Oakland City Councilman says the A’s could move to San Antonio or Montreal

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When we last left the Oakland A’s Coliseum drama, it appeared as though the lease will finally be approved over the objections of many on City Council. The reason? Last week Bud Selig gave the A’s permission to leave Oakland if they want to, which apparently scared some Oakland officials.

Seems like a bluff to me. Just being allowed to leave is not the issue; approval to actually go someplace where a viable baseball team could actually operate is a way bigger issue, and nothing reported last week suggested the existence of any such place. Where ya gonna go, Athletics?

Someone on the Oakland City Council thinks they have a place in mind:

Oakland City Councilman Larry Reid says he doesn’t believe the A’s are bluffing in their threat to leave the city if they don’t get a 10-year lease extension at the Coliseum, and he pointed to a pair of possible destinations — Montreal and San Antonio, Texas.

Reid said that was the word he got from the Coliseum Authority negotiators who have been working for the past 14 months to try to reach an A’s lease extension.

“They have options,’’ Reid said.

Montreal presents a crumbling stadium and market which were utterly neglected by Major League Baseball for years. Which is exactly what they have in Oakland right now, so why pay Allied Vans extra on top of that?

San Antonio could theoretically work someday, but at the moment there is only a football stadium they use for occasional exhibition games with a 280-foot porch in right field. Because of weather in the dog days of summer which can only be described as “AHHHHHHGGHHH!!!! THIS IS HORRIBLE,” the San Antonio A’s would need a new domed or retractable roof stadium. Did I mention that, currently, there is no appetite to give the Double-A San Antonio Missions a new park? I’ve been to their current one. If that’s any gauge, no one down there is all that prepared to give the A’s a billion bucks for a new park.

Sorry, I think those are bluffs. And I will continue to believe that unless and until Major League Baseball says the A’s can move to San Jose or gives them approval to go to a place that has already demonstrated a desire to build the A’s a new park.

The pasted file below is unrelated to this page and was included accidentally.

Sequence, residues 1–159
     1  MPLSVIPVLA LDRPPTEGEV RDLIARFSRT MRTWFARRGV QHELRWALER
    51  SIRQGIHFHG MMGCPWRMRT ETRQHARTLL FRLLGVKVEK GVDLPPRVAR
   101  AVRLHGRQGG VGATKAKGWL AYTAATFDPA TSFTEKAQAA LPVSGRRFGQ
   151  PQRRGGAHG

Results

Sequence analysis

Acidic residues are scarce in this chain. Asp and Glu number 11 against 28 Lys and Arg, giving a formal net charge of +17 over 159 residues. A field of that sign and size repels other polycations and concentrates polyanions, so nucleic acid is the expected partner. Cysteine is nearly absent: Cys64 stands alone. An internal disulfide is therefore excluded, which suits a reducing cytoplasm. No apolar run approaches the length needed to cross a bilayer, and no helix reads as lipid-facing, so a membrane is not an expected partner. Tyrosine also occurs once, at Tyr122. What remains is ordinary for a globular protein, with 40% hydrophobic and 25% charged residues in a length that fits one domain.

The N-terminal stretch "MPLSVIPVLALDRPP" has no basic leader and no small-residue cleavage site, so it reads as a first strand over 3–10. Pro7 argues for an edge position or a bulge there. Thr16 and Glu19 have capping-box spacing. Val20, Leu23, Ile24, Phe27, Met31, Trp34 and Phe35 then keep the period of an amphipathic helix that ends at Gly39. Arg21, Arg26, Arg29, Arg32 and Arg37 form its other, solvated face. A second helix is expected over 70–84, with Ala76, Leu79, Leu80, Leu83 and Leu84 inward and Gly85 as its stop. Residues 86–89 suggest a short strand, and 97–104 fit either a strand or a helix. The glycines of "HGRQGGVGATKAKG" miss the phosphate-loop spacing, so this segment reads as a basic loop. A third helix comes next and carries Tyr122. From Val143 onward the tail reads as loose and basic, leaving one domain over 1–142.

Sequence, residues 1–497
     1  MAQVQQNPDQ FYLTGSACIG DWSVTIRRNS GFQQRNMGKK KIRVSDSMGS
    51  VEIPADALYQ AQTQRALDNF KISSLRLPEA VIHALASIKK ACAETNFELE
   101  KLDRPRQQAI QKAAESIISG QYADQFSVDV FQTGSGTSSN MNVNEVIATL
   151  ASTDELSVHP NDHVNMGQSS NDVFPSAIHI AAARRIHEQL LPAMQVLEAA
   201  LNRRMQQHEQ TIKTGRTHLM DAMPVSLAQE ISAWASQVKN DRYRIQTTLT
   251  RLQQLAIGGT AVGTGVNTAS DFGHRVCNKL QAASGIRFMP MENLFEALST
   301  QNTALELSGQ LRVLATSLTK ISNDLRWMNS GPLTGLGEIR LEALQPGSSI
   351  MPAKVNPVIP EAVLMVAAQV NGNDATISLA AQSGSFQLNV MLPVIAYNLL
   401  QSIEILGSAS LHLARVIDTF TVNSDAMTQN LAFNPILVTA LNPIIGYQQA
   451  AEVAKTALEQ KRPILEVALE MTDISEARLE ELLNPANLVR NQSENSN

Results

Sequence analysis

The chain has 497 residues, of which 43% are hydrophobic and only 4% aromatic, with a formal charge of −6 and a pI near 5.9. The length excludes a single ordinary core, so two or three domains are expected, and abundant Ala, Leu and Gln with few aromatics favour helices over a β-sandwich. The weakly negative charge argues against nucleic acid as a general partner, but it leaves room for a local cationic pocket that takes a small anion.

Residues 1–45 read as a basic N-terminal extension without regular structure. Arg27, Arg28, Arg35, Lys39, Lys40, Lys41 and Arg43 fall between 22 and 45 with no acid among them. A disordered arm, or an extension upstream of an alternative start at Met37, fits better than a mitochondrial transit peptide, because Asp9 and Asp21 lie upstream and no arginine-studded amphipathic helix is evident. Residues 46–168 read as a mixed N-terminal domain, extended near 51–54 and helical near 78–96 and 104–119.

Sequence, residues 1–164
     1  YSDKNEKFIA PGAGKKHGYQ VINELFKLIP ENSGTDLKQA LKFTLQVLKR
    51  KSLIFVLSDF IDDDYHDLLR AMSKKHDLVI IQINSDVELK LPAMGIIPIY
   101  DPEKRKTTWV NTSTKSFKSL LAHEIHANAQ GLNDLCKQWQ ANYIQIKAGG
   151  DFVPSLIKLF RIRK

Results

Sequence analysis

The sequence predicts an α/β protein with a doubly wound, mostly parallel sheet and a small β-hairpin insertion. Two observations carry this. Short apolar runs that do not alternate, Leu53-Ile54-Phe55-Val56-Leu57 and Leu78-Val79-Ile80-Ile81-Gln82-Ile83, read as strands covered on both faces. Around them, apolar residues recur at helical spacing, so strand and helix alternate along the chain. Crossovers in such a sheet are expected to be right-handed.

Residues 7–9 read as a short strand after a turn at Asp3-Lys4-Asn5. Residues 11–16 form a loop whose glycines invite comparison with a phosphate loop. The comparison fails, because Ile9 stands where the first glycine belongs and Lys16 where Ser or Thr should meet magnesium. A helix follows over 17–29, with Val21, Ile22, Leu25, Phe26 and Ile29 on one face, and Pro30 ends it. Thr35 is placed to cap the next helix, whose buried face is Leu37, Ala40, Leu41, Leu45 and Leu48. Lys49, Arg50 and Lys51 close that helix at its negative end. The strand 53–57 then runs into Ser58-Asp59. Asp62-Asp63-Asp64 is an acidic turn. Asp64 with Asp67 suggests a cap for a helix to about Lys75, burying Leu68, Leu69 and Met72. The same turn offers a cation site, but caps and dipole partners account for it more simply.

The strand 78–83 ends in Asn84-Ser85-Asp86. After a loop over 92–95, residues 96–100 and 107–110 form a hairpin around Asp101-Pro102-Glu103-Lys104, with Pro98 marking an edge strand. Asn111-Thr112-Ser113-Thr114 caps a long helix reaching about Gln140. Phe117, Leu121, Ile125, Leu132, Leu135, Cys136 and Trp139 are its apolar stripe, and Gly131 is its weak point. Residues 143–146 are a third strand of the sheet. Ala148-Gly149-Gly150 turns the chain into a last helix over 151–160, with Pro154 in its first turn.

The Orioles seem pretty serious about moving Manny Machado

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LAKE BUENA VISTA, Fla. — Orioles third baseman Manny Machado will become a free agent after the 2018 season and there has been no suggestion that the O’s and their young star have worked on a contract extension, strongly suggesting that Machado will test the open market next offseason.

While the Orioles have not said much about keeping him or trading him, yesterday considerable chatter filtered out here at the Winter Meetings suggests that they are serious about trading him now in order to get more than a draft pick in return when he eventually leaves Baltimore.

Jon Heyman reported yesterday that the Cardinals were a possible landing spot, and others have speculated that, at the moment, they’re the frontrunners for his services. Buster Olney, in a development that would make people go insane, I suspect, that the Yankees have expressed interest. It seems highly unlikely, though, that the Orioles would trade Machado within the division. Even if they did, they’d likely expect a premium from the Yankees that they would be unwilling to pay, especially given that they could easily wait Machado out until he was a free agent next year and give up nothing but cash for him. A couple of days ago we noted that the Phillies had expressed interest and the Orioles were doing their due diligence with respect to their farm system.

As far as the possible parameters of a deal, Ken Rosenthal reported that the O’s hope to acquire at least two controllable young starters in return. That’s a high price for a one-year Machado rental, but it makes sense for the Orioles to ask it. For Machado’s part, he reportedly wants to return to his original position, shortstop. He does not have no-trade protection, of course, so that may be a wish that is not fulfilled.

Machado had a down 2017, hitting .259/.310/.471, but still hit 33 homers and drove in 95 runs. In the two years prior, however, he posted OPSs of .876 and .861, and he’s still just 25. All of which is to say that the price for a team to acquire him will be high, even if he’s entering his walk year.